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Army Develops 'Mood Ring' to Spot Weary Ammo

Strange but true.

Picatinny Arsenal announced yesterday it had developed special "thermochromic" paints that could indicate the wear and tear on ammo so Soldiers would know if the rounds are safe for use.

Referred to as Thermal Indicating Paints, this formula uses thermochromic polymers to detect temperature ranges that ammunition was exposed to during transport or storage.

A common example of a thermochromic object is a mood ring, which changes color in response to the body temperature of the wearer. The thermochromic element changes the wavelength of light when it is exposed to different temperatures.

We all know that in both Iraq and Afghanistan, temperatures can run from bone-chilling frigidity to seering heat in a matter of hours. That throws ammo stores in Conex boxes or hooches into an unstable situation.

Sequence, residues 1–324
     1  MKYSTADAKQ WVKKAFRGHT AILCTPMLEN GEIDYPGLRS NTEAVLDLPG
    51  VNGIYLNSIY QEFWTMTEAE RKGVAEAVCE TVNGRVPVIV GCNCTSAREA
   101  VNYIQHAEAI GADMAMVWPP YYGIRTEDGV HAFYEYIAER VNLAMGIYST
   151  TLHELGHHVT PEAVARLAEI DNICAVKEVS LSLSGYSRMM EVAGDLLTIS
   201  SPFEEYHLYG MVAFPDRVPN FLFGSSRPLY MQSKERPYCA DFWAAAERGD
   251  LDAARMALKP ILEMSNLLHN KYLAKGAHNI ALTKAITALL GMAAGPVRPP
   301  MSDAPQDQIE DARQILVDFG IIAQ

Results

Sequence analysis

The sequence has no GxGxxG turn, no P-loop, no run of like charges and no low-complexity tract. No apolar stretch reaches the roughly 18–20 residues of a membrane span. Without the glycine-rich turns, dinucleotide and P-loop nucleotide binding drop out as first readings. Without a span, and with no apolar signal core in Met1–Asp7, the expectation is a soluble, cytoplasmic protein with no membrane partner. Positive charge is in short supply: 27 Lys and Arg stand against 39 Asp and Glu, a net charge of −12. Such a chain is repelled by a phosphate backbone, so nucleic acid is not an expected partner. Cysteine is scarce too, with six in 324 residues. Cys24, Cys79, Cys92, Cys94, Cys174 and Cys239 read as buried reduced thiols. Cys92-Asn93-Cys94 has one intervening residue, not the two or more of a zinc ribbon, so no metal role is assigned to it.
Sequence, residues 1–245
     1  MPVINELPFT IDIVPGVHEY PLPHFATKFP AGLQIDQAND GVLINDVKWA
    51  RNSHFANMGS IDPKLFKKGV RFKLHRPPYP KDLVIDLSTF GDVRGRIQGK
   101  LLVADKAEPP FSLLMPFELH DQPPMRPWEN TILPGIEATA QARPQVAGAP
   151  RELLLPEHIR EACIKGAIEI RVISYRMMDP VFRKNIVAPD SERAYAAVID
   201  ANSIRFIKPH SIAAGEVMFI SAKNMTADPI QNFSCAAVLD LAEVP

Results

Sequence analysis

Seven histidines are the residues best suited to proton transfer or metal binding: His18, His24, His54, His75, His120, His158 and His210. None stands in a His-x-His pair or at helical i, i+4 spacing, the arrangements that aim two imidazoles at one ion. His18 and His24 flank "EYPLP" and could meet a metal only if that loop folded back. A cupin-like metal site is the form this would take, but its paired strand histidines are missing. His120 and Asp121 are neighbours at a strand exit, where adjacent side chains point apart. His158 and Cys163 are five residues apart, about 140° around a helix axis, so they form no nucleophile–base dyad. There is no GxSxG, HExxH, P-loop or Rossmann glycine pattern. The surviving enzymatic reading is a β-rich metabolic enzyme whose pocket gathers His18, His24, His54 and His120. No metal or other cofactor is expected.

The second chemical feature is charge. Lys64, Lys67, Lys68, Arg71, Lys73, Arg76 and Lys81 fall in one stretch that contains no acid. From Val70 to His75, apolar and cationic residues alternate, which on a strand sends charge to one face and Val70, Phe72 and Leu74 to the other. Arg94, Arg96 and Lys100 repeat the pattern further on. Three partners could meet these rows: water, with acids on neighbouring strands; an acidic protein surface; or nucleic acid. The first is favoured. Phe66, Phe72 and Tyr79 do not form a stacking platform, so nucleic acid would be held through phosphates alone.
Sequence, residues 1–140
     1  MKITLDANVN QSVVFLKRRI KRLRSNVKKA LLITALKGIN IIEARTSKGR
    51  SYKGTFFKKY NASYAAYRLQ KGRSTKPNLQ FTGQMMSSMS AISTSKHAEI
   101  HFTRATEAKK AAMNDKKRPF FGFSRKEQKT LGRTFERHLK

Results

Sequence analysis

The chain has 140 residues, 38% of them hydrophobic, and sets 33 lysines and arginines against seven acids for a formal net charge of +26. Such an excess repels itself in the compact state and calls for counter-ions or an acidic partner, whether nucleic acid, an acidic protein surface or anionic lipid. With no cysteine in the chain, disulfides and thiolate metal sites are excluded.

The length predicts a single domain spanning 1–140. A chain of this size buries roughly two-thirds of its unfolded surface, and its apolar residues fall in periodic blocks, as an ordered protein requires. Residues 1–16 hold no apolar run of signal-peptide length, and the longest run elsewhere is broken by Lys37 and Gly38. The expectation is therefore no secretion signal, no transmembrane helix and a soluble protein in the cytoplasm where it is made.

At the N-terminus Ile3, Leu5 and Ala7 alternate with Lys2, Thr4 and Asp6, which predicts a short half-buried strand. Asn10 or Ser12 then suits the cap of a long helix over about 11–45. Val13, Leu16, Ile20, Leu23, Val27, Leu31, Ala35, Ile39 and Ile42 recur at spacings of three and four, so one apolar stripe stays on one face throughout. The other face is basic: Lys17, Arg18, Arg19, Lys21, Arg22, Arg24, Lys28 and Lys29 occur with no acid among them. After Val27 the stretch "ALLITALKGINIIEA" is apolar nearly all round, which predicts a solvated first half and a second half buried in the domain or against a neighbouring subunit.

When propelling charges are exposed to high temperatures for extended periods, it can rapidly deplete the propellant stabilizer, which creates a potential for auto-ignition. Additionally, if the overheated propellant is fired, it can lead to dangerous, elevated gun pressures that cause weapon failure and put the Soldier at risk of injury.
Picatinny says there have been cases of rounds going off improperly because of the degraded chemistry.

The service is going to start with coating 30mm ammo, since "they aren’t expensive enough rounds to deem the use of a costly temperature gauge or monitor. The savings are bigger because it’s low value, high volume assets." The coatings could show up on ammo within a year, Picatinny says.

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